Access the rest of the Table of Contents for this issue of Administrative Science Quarterly by clicking here. Keep up-to-date on all the latest news and research from ASQ by clicking here to sign up for e-alerts.

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This article was featured on Harvard Business Review’s blog this week.

The June Issue of Administrative Science Quarterly is Now Online!

The June issue of Administrative Science Quarterly is now available and can be read online for free for the next 30 days. This issue offers a range of engaging articles on organizational studies as well as insightful book reviews.

Administrative Science Quarterly Editor-in-Chief Gerald F. Davis opens the issue with his editorial essay entitled “What Is Organizational Research For?” You can read the abstract below:

Organizational research is guided by standards of what journals will publish ASQ_v60n2_Jun2014_cover.inddand what gets rewarded in scholarly careers. This system can promote novelty rather than truth and impact rather than coherence. The advent of big data, combined with our current system of scholarly career incentives, is likely to yield a high volume of novel papers with sophisticated econometrics and no obvious prospect of cumulative knowledge development. Moreover, changes in the world of organizations are not being met with changes in how and for whom organizational research is done. It is time for a dialogue on who and what organizational research is for and how that should shape our practice.

You can access the Table of Contents for this issue of Administrative Science Quarterly by clicking here. You can keep up-to-date on all the latest news and research from Administrative Science Quarterly by clicking here to sign up for e-alerts!

B2B Peer-to-Peer Problem-Solving Communities: A Win-Win for Firms and Customers

businessman-in-the-office-1-1287061-m[Editor’s Note: A special thanks to Sterling A. Bone, Paul W. Fombelle, Kristal R. Ray, and Katherine N. Lemon who took the time to provide us with information on their recent article “How Customer Participation in B2B Peer-to-Peer Problem-Solving Communities Influences the Need for Traditional Customer Service.” The paper appeared in the OnlineFirst section of Journal of Service Research.]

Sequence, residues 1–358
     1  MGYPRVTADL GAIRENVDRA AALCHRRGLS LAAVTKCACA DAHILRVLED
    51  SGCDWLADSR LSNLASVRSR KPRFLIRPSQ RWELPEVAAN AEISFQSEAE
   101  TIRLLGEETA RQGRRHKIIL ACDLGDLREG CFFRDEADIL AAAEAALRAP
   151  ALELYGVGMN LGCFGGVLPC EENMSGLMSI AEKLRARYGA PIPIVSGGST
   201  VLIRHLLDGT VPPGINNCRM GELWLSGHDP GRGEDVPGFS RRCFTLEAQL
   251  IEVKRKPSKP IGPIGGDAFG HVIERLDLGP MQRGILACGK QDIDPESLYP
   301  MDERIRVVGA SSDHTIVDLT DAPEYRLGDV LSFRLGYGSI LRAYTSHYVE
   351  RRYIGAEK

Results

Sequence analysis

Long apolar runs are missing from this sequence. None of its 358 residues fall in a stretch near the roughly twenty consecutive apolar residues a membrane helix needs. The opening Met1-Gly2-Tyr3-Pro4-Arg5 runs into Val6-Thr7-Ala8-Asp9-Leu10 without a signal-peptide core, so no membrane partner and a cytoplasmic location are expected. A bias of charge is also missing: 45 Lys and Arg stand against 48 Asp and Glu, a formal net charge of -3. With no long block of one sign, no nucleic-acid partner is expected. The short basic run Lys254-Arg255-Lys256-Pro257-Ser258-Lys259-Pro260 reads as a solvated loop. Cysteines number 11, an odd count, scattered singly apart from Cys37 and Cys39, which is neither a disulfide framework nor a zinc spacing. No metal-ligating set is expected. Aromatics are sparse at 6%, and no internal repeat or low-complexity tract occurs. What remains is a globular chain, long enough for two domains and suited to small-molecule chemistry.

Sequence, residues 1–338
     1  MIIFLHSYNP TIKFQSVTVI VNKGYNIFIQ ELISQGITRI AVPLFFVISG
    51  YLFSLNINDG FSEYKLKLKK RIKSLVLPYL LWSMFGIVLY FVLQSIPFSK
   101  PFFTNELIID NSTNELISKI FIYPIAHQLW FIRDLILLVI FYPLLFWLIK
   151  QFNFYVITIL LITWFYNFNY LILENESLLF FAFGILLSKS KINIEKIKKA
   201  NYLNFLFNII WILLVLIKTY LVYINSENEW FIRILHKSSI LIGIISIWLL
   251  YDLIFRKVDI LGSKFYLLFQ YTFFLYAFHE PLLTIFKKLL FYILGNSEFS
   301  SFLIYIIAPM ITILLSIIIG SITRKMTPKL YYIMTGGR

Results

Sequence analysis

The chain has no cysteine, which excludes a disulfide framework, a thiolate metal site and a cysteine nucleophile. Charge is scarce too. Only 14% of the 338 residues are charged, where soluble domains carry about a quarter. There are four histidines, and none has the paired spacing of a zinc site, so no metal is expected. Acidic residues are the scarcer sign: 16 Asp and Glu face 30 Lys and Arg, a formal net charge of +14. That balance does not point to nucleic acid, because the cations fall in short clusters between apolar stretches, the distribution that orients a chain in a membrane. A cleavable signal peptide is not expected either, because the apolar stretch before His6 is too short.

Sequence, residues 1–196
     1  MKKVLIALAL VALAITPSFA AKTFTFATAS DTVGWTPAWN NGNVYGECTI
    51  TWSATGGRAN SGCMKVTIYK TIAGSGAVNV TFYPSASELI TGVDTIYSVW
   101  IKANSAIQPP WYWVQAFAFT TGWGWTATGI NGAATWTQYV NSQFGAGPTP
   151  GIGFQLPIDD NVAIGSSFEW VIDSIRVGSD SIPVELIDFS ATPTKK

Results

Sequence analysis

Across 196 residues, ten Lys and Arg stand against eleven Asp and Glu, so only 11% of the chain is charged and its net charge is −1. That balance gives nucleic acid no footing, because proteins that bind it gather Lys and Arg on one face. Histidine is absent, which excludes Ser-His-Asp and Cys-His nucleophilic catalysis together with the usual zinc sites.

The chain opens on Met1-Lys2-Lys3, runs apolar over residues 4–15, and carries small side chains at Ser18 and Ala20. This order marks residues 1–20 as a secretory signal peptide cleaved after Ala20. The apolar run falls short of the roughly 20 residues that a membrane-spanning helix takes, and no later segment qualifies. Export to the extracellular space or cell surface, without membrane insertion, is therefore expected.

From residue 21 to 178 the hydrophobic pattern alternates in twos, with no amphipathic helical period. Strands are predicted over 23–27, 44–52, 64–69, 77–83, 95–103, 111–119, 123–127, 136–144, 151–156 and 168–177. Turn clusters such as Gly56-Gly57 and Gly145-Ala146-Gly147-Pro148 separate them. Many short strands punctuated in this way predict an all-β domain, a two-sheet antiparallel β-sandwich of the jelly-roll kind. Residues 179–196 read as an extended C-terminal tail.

Can peer-to-peer interactions in a customer support community reduce the need for one-on-one traditional customer support service? New research in the Journal of Service Research entitled “How Customer Participation in B2B Peer-to-Peer Problem-Solving Communities Influences the Need for Traditional Customer Service” attempts to address this question.

Providing fast and helpful customer support service is critical for all service firms. To address customer problems, firms offer a range of support services providing customer help needed before, during, and after purchase. For business-to-business (B2B) relationships, many companies are increasingly turning to firm hosted collaborative technologies, like virtual peer-to-peer problem solving (P3) communities, to fulfill some of their customer service needs. For many years, the traditional outlet for support or problem solving has been this one-to-one customer support model in which the customer calls a customer service agent to solve a problem or answer a question.

Technological advances have enabled firms to expand their one-on-one support models to JSR coveruse call centers, email, and web-based support. These support models are expensive for the both the firm and customer. Repetitive costs, suppressed knowledge sharing across customer and service representatives, and the delayed resolution for other customers, are some of the limitations with support models. In response to these shortcomings, many firms are turning to firm-hosted collaborative and interactive P3 communities to fulfill the demand for customer service support. As noted by Kristal Ray, Professor at Utah State and one of the authors of the study, “ROI is always an important consideration for technology implementations. By offering the opportunity to lower service costs, social community interactions can provide the economic justification for these investments.”

The authors used longitudinal clickstream and service support behavioral data from 2,542 B2B customers of a Fortune 100 technology firm to test the effect of customer P3 community (posting questions and responding to others), static knowledge search behavior, community log-in frequency, and the breadth of community membership on the customer’s future use of traditional customer support service.